By looking at other parameterizations, we can describe the following tendencies:
24
To be more precise, one has to take into account also the probabilities of realization of each of the
three possible states, which are not shown in the figures. Since efforts under revenue sharing are not
‘too’ different from each other, it turns out that they are in the range of 1/3 – see eq. (A3).
28
a) when the comparison is between an open league and a closed league, the range of
's that make sharing less likely in an open league is now considerably expanded.
For instance, under the parameterization of figure A1, the threshold value of z is
always more stringent in an open league (zO > zC) for  > 0.3; on the other hand in
the main text the limiting condition reduced to   4 /(5  3 )  1.54 in this case;
b) similar results are obtained by putting reasonable values for the various exogenous
efforts; for instance if e~W is positive (i.e., the effort put by the weak teams when
they are both in the bottom division), then the likelihood of revenue sharing in an
open league decreases even further (intuition: the weak team – when at the top –
competes even harder to avoid relegation that becomes a worse state, as a
consequence the strong team has to face a tougher rival when it shares at the top).
VS
effort
1.5
0.7
1.4
0.6
1.3
1.2
0.5
1.1
z
1.2
1.4
1.6
1.8
2
2.2
0.4
2.4
0.9
z
1.2
1.4
1.6
1.8
2
2.2
2.4
Figure A1 - Expected value of a strong team (left panel) and effort (right panel)
in an open league with and without sharing in the top division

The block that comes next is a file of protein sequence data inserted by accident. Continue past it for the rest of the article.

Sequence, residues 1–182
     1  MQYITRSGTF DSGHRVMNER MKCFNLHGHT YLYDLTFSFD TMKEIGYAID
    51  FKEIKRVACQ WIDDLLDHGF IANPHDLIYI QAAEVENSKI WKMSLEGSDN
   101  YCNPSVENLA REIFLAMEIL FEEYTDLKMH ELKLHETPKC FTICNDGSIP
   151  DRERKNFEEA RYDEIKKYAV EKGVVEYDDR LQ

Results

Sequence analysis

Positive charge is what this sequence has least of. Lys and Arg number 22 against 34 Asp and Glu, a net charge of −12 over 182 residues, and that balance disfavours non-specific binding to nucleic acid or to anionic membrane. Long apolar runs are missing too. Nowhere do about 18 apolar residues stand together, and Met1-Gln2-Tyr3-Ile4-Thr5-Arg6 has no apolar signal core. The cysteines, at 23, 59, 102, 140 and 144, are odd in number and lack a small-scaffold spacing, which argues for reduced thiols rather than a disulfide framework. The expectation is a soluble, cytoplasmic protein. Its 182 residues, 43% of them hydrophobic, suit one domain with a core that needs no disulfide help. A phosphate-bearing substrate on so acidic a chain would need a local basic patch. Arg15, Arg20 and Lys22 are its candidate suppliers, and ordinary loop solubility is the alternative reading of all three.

29
Table 1: Major League Baseball 1999
name
Wpc
Atlanta Braves
Arizona Diamondbacks
New York Yankees
Cleveland Indians
New York Mets
Houston Astros
Texas Rangers
Boston Red Sox
Cincinnati Reds
San Francisco Giants
Oakland Athletics
Toronto Blue Jays
Baltimore Orioles
Seattle Mariners
Pittsburgh Pirates
Los Angeles Dodgers
Philadelphia Phillies
St Louis Cardinals
Chicago White Sox
Milwaukee Brewers
San Diego Padres
Colorado Rockies
Anaheim Angels
Tampa Bay Devil Rays
Detroit Tigers
Montreal Expos
Chicago Cubs
Florida Marlins
Kansas City Royals
Minnesota Twins
0.63
0.61
0.6
0.59
0.59
0.59
0.58
0.58
0.58
0.53
0.53
0.51
0.48
0.48
0.48
0.47
0.47
0.46
0.46
0.46
0.45
0.44
0.43
0.42
0.42
0.42
0.41
0.39
0.39
0.39
Total
0.50
Attendance Player
Revenues Franchise
m
Payroll $m
$m
Value $m
3.28
79.8
128.3
357
3.02
70.2
102.8
291
3.29
92.4
177.9
491
3.47
73.3
136.8
359
2.73
72.5
140.6
249
2.71
58.1
78.1
239
2.77
81.7
109.3
281
2.45
75.3
117.1
256
2.06
38.9
68.4
163
2.08
46.0
74.7
213
1.43
24.6
62.6
125
2.16
50.0
73.8
162
3.43
78.9
123.6
351
2.92
47.0
114.2
236
1.64
24.5
63.2
145
3.10
76.6
114.2
270
1.83
32.1
77.2
145
3.24
46.3
101.8
205
1.35
24.5
79.5
178
1.70
43.6
63.6
155
2.52
46.5
79.6
205
3.24
72.5
102.8
311
2.25
53.3
86.1
195
1.75
37.9
75.5
225
2.03
37.0
78.1
152
0.77
18.1
48.8
84
2.81
55.5
106.0
224
1.37
16.4
72.9
153
1.51
17.4
63.6
96
1.20
15.8
52.6
89
70.10
1507.0
2773.7
6605
Payroll and revenue data from the Blue Ribbon report. Franchise values from Forbes.
30
Table 2 Premier League 1998/1999 Season
Team
Manchester United
Arsenal
Chelsea
Leeds United
West Ham United
Aston Villa
Liverpool
Derby County
Middlesbrough
Leicester City
Tottenham Hotspur
Sheffield Wednesday
Newcastle United
Everton
Coventry City
Wimbledon
Southampton
Charlton Athletic
Blackburn Rovers
Nottingham Forest
Rank
Wpc
1
2
3
4
5
6
7
8
9
10
11
12
13
14
15
16
17
18
19
20
0.75
0.74
0.72
0.64
0.54
0.53
0.51
0.51
0.51
0.49
0.47
0.43
0.46
0.42
0.41
0.42
0.39
0.37
0.37
0.30
Attendance
m
1.05
0.72
0.66
0.68
0.49
0.70
0.82
0.55
0.65
0.39
0.65
0.51
0.70
0.69
0.39
0.35
0.29
0.38
0.49
0.46
0.50
23.2
625.4
1071.4
1466
0.80
0.63
0.61
0.53
0.47
0.74
0.40
0.35
0.31
0.28
16.0
10.0
16.1
12.1
7.3
38.5
13.5
20.2
10.3
10.8
64
27
43
11
13
Total
Payroll Revenues Market
$m
$m
cap $m
59.1
177.5
776
42.4
77.8
48.3
94.5
171
29.7
59.2
88
28.3
42.5
26.6
55.8
90
58.0
72.4
22.8
35.2
31.1
44.8
25.6
38.1
21
34.7
68.1
102
21.7
30.6
39.2
71.5
152
32.4
40.7
21.1
30.2
18.4
23.5
18.2
21.5
18
13.2
26.0
21
35.9
34.0
18.9
27.2
27
First Division quoted
teams
Sunderland (promoted)
Birmingham
Bolton
Sheffield United
West Bromwich Albion
2
4
6
8
12
Payroll and revenue data from company accounts (reported in Deloitte and Touche
Annual Review of Football Finance). Market capitalization at end of the playing
season.
31